ROARING SPRING - The Spring Cove school board rejected a wage freeze offer made late Monday by the district teachers' union.
A package the union presented to the school board at its monthly meeting, which ran until about midnight Monday, was not a true freeze, Superintendent Rodney Green said.
"A wage freeze, in my mind, is you're agreeing you're going to give up that compensation," he said Tuesday after the district issued a press release on the decision.
The offer was a postponement or deferment, the release stated.
"Without going into detail, the Spring Cove Education Association proposal is complex and contains restrictive language with many conditions," Green said in the press release. "The Board of Directors had hoped to see a direct wage freeze offer, and they are disappointed that the teachers' proposal does not represent a current and future savings to the district."
Union President John Fitzpatrick disagreed with the district's interpretation of what the union presented.
The teachers' union proposed to delay receiving its 3.8 percent increase slated for next year - the last year of its contract - until the following year, Fitzpatrick said Tuesday.
"We asked to take a freeze next year and [then] finish out the contract [in 2011-12]," Fitzpatrick said. "How can you say it's not a genuine pay freeze when our salaries are not going up next year?"
The district didn't want to negotiate, but instead wanted the teachers to accept the freeze, let their contract expire in 2011-12 and - teachers suspect - "maybe go a second, then a third year without a pay increase," Fitzpatrick said.
"Essentially, they wanted us to take an indefinite pay freeze," he said.
Fitzpatrick indicated the offer from the Spring Cove union was similar to what the Hollidaysburg Area Education Association recently approved.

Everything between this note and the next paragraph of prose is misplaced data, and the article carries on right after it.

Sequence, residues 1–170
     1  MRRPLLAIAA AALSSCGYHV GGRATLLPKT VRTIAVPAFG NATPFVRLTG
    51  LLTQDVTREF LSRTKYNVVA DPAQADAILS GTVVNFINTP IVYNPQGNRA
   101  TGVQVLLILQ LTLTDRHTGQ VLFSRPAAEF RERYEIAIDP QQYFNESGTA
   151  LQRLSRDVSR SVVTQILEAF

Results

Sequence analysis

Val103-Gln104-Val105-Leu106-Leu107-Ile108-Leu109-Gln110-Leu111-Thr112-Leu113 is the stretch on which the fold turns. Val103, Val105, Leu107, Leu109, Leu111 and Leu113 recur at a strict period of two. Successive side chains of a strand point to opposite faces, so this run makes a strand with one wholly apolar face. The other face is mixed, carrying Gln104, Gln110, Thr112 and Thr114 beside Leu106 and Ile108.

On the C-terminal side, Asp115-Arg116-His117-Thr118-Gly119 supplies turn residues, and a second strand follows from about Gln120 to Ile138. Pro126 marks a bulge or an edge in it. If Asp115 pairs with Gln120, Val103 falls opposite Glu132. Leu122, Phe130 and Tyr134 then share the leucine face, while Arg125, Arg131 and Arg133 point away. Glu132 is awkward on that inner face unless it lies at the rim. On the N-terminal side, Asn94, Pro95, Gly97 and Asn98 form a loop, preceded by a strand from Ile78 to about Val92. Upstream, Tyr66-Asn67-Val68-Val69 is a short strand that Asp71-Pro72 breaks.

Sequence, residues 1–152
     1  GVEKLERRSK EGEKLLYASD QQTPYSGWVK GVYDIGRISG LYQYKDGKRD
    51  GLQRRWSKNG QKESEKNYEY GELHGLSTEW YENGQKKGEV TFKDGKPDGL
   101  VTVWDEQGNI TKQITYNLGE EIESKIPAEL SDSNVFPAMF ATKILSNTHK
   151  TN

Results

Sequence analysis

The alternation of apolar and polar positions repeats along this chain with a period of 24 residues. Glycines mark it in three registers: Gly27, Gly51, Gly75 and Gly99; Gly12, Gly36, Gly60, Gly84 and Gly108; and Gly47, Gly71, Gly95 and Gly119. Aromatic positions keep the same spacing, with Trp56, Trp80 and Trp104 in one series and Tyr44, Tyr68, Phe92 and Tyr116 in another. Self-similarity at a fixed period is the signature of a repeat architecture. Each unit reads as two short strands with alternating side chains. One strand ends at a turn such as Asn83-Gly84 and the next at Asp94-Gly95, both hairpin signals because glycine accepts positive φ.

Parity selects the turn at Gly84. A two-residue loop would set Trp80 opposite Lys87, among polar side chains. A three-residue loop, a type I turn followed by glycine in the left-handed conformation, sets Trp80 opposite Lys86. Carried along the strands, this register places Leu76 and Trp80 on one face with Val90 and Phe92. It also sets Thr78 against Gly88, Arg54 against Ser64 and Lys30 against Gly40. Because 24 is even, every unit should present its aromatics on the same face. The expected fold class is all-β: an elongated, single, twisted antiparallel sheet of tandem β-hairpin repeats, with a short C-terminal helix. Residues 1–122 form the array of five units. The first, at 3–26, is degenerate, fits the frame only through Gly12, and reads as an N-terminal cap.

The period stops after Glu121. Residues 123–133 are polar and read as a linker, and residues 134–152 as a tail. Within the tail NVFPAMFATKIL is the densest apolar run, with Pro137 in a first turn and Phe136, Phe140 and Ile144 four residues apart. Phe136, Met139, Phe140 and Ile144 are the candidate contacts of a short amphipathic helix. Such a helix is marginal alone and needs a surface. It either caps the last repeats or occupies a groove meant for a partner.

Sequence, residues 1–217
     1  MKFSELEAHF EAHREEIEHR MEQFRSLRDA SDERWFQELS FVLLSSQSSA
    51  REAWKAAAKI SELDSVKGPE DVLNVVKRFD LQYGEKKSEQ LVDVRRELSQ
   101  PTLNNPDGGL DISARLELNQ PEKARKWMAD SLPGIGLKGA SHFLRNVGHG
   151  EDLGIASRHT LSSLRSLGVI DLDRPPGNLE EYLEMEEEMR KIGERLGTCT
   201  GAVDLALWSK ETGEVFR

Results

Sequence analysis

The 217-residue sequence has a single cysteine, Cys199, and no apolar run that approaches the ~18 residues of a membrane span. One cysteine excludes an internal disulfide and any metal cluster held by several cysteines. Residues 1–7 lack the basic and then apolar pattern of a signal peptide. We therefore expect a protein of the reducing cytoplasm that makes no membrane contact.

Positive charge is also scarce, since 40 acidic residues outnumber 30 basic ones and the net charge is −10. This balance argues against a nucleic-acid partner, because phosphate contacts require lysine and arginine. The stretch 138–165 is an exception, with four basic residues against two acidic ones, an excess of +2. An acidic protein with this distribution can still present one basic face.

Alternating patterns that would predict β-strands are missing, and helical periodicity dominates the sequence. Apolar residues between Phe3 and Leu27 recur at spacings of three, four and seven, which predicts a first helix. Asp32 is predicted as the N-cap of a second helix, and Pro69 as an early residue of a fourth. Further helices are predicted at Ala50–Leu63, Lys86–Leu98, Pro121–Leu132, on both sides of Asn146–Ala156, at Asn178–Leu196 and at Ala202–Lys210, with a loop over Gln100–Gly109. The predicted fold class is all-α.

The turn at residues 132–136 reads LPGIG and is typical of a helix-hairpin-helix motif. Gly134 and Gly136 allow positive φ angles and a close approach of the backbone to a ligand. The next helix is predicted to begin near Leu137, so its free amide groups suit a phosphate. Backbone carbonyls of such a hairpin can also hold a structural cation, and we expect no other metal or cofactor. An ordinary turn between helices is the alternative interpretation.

Hollidaysburg's union agreed to a wage freeze for the 2011-12 school year, saving the district about $570,000. Details of that agreement were not available Tuesday.
Hollidaysburg's school board is scheduled to vote tonight on whether to approve the union's acceptance of the pay freeze.
The Spring Cove union was "kicking the can down the road," board member William H. Replogle said Tuesday.
The union offered a savings overall to the board of about $85,000, but the board was looking for a figure closer to $200,000 to $250,000, he said.
The offer brought "little money to the table," and it required a guarantee that no furloughs would take place, he said.
"We can't tell them that when they only bring a small amount to the table," he said.
The board formally asked the state Monday to lay off four full-time teachers and one part-time teacher.
"We would accept a freeze if they gave us a true freeze," Replogle said.
But there are "six or seven strings attached" to the offer and one of those was a renegotiation of the teachers' contract until 2014, he said. Under the union proposal, teachers could make up the freeze with raises through 2014, he said.
Individual teachers have indicated to him they are open to a wage freeze, if it would prevent layoffs, and the resistance is coming from the union leadership, he said.
The district does not know what is on the horizon for next year with state appropriations, but it expects to get level funding from Gov. Tom Corbett for the 2012-13 school year, Replogle said.
The union also presented a retirement incentive that did not offer a significant enough savings to the district, he said.
The board had to consider that three of seven retiring teachers would need to be replaced, the district would not know at what level of the pay scale a replacement would come into the district and what the district would have to pay out for the incentives to a total of 12 employees, he said.
Fitzpatrick planned to call a meeting for next week to see what the union's next move would be, he said.
Mirror Staff Writer Amanda Clegg is at 949-7030. Staff Writer William Kibler is at 949-7038.